Kiska, Canada’s last captive orca, has died in her concrete tank enclosure in Marineland, a zoo at Niagara Falls, Canada.
Aged 47, she had been in captivity for around 44 years, having been captured in Icelandic waters in 1979. Her death was officially announced on March 9, 2023, though no cause has been declared yet.
The Ontario park where she was kept said Kiska’s health had noticeably declined in recent weeks. Her death followed apparent attempts by marine mammal experts to make her as comfortable as possible before she passed away.
Marineland has released a statement saying that everyone will “mourn her loss.” However, animal activists are calling for an investigation into Kiska’s captivity. Leading the fight for transparency is Canadian animal welfare non-profit Animal Justice. It has echoed previous demands for legal charges to be filed against MarineLand.
“Our lawyers are renewing calls for charges against Marineland over the cruel and illegal living conditions that the facility forced Kiska to endure,” Camille Labchuk, executive director of Animal Justice said in a statement.
“Orcas are incredibly social animals, but Kiska had no one by her side since 2011, and suffered from agonizing loneliness as well as a lack of space and mental stimulation in her small barren tank. Under federal and provincial laws, it’s illegal to cause animals suffering and distress, which includes psychological distress stemming from boredom and isolation.”
Save Kiska the orca
Animal Justice previously launched legal challenges against the marine park in 2021 and 2022. They came after the organization received video footage of Kiska behaving in ways not natural for orcas. These included floating aimlessly and hurling herself against the sides of her small enclosure.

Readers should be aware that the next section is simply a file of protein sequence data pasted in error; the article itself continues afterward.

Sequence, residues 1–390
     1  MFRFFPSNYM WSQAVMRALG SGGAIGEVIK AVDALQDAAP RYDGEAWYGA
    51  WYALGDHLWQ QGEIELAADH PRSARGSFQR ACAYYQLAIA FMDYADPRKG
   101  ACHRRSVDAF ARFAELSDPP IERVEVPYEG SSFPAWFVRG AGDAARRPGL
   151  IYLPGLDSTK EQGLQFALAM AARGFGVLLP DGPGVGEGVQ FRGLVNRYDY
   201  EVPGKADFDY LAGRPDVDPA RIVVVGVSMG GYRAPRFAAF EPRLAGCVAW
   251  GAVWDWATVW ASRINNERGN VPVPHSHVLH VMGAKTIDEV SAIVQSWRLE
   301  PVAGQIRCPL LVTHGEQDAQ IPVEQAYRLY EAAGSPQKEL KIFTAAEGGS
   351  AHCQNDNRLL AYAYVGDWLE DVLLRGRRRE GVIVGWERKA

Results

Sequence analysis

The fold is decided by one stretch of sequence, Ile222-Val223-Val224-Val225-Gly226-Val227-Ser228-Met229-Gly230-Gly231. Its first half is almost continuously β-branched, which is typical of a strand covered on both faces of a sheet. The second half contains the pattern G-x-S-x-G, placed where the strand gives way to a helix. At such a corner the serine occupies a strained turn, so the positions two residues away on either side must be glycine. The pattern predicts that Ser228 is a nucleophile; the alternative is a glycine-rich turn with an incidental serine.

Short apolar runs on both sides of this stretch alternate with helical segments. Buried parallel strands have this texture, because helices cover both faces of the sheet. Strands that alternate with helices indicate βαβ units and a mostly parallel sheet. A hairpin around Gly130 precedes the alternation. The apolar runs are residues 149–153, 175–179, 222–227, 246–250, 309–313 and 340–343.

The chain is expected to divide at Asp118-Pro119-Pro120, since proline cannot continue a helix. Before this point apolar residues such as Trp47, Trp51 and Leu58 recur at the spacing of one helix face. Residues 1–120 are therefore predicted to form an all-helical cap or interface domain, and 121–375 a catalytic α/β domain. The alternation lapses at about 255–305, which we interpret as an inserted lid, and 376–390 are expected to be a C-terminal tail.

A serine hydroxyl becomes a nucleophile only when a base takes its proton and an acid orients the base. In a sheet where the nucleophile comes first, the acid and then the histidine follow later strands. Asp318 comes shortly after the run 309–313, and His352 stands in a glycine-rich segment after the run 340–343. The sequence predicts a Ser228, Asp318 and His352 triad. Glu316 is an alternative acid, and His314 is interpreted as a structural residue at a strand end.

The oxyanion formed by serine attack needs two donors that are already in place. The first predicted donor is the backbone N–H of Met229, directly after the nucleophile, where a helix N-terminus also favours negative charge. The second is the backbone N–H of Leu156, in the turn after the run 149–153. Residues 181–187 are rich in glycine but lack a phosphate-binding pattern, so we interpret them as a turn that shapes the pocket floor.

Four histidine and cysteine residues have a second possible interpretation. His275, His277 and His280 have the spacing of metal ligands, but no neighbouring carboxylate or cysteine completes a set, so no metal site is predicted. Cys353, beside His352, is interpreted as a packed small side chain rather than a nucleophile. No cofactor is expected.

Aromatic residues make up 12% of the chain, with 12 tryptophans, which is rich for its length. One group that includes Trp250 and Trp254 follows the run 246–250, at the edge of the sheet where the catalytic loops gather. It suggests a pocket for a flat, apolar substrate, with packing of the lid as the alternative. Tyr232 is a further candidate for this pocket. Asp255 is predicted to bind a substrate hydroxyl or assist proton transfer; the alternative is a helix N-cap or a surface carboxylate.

It is assumed that Kiska suffered incredible mental distress and tragedy during her time at Marineland. The loss of five calves, all before they reached seven years of age, led animal rights organization PETA to call her the “world’s loneliest orca.”
If Kiska had not died, she could have soon been released to an ocean sanctuary. The Whale Sanctuary Project is in the process of building Canada’s first ethical relocation sanctuary in Nova Scotia. Had she survived long enough, Kiska could have been transferred to a roomy ocean cove and given 24/7 specialist care.
Canada bans whale captivity
Kiska’s death marks the official end of whale captivity in Canada.
The country passed a landmark legal bill banning the captivity of whales and dolphins in 2019. This was also extended into a blanket ban on importing or breeding the animals. Prior to this, a 2015 bill made it an offense to breed and acquire captive whales in Ontario, though those already in Marineland’s possession were exempt from the ruling.